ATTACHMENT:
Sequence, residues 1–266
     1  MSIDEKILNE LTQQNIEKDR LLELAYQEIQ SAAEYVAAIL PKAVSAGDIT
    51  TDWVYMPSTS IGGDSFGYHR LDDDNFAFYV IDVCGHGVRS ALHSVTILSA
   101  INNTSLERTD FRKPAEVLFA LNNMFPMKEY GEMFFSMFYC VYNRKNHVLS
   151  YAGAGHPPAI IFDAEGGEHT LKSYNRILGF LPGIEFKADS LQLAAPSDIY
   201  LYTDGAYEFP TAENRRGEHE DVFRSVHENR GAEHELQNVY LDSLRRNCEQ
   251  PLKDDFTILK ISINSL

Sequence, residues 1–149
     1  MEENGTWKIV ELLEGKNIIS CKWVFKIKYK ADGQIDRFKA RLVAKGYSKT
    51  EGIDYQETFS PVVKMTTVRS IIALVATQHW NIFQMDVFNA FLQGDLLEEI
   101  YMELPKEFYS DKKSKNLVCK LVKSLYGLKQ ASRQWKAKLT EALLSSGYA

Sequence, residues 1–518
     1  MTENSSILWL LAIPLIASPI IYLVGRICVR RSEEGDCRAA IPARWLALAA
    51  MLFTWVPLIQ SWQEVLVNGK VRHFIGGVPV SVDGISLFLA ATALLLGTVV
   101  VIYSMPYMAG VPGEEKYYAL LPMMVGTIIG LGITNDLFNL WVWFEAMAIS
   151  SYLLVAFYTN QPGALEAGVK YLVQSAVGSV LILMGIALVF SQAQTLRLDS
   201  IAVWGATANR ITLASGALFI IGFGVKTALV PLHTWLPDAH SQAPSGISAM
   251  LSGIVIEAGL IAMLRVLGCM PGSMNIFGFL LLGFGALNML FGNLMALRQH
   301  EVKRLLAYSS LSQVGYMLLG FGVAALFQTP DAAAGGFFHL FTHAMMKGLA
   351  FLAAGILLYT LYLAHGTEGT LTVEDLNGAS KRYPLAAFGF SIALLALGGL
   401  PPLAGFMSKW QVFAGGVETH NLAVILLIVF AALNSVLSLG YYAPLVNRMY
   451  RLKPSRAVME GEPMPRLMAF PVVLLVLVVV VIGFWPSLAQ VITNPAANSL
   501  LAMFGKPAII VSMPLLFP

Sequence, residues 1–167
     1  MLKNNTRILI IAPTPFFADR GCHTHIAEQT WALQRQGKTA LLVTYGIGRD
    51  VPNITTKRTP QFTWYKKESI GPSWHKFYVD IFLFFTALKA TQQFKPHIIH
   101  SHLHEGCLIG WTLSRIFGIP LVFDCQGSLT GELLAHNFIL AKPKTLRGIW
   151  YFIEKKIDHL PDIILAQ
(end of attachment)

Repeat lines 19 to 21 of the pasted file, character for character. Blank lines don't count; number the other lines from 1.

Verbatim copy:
   301  EVKRLLAYSS LSQVGYMLLG FGVAALFQTP DAAAGGFFHL FTHAMMKGLA
   351  FLAAGILLYT LYLAHGTEGT LTVEDLNGAS KRYPLAAFGF SIALLALGGL
   401  PPLAGFMSKW QVFAGGVETH NLAVILLIVF AALNSVLSLG YYAPLVNRMY